Pausing is a skill. Yet, I am queen of the knee-jerk reaction. Saying whatever comes to whenever it comes to mind and not considering the repercussions. This works fine with people who already know and love my quirky self, but it’s gotten me into trouble with work folks. And it’s something I’ve really had to work on. Now, it’s one thing to be mindful during calm, friendly conversations. It’s another thing when you’re feeling frustration or anger toward someone. It’s easy to say you will pause the next time you find yourself ready to go on the offensive or about to have a panic attack. But once you’re faced with it, pausing can feel impossible. So, don’t face the pause on your own. Let’s go through this pause together. Once you master it, you’ll be able to handle any tense moment, even one at work.
As Yourself: What Would My BFF Do?
Sometimes, when I’m pausing, I ask myself: What Would Ellen Do? No, not Ellen DeGeneres, although she is awesome. My bestie, Ellen, is the most positive person I know. She has the purest values, morals, and intentions. So, whenever I start feeling a devilish impulse, I think about what my real-life guardian angel Ellen would do, and then I do that instead. For example, if I’m considering firing off a nasty email in response to a message that seems unfair, I’ll pause instead, think about what Ellen would do, and then pick up the phone to call the person to talk through the miscommunication. Pausing to think of Ellen reminds me to be more mindful of my actions and how they will help or hurt the situation. So, who is your Ellen?
Know Your Stress Triggers
The HALT System recognizes that when you’re Hungry, Angry, Lonely, or Tired, you’re most likely to make poor decisions. Don’t let these negative stressors trigger the wrong choice. If you’re HALT, then halt decision-making until you’re not.
To get out of your head, tap into your senses with the “5, 4, 3, 2, 1” method: notice five things you see, four things you can touch, three things you can hear, two things you can smell, and one thing you can taste. Get up. Walk around. I often take a little ride up and down in the elevator for a breather. The motion and the people watching takes the edge off and gives me the pause I need to move on to the next step: processing what’s happening and deciding what I should do about it.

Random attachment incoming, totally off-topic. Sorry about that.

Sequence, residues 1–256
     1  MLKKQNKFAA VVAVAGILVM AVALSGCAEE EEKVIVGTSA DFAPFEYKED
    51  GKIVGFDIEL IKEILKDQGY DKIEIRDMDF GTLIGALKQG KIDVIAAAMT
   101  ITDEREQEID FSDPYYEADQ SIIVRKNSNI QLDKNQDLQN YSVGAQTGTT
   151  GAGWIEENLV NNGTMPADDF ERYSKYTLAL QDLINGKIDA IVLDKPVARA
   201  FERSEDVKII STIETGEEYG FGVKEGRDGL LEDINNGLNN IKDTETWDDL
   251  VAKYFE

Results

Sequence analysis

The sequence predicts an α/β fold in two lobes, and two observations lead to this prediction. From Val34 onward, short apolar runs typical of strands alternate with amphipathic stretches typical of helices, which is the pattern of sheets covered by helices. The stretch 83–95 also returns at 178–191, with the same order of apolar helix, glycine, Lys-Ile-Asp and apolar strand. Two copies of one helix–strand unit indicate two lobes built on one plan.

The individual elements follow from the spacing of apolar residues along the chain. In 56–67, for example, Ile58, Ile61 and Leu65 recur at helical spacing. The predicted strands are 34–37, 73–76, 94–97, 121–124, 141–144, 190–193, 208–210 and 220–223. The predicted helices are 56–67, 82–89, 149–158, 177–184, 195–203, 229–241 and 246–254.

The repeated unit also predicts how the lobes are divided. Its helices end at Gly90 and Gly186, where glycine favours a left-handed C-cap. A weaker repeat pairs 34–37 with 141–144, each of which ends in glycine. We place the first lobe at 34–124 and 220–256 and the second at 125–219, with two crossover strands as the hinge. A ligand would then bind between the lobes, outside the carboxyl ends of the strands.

Hit the Freezer
There’s a reason you see professional athletes chilling in huge tubs of ice on the sidelines at halftime; it’s not just to bring down swelling from the hits taken on the field. Ice has a real physiological benefit. It brings your heart rate back to normal quickly and redirects your blood where it’s needed the most: to your heart and internal organs. Holding an ice cube is often recommended by therapists as a grounding exercise—the physical sensation of shocking cold is so intense that it demands your attention and forces you into the present (and out of your own head). You can cool yourself down with an ice cube, or by pressing a cold washcloth or chilled drink from the vending machine against your skin. If you’re at home, take a cold shower or fill a large bowl with icy water and submerge your face for a few moments. I’m serious: when you’re heated, ice does wonders for your body and your mind.
I know that emotions feel like they will last forever, especially if you’re stuck at your desk in an open floor plan office after a stressful call or meeting. But, while emotions are a complex biochemical process in the body, not a subjective feeling, they are programmed to only last thirty to forty seconds if played out. Think about how fast a baby can go from giggly to hysterically crying. We are prewired to shift emotional states very quickly. But you can’t just make an emotion “go away.” Mindfulness helps you keep them in check, and, in fact, use them to work toward your goals and get ahead.
about Nicole Lapin
Nicole Lapin is the New York Times Bestselling author of Rich Bitch and Boss Bitch. She is the host of the nationally syndicated business reality competition show, “Hatched.” She has been an anchor on CNN, CNBC and Bloomberg. Her latest book, Becoming Super Woman, is available now.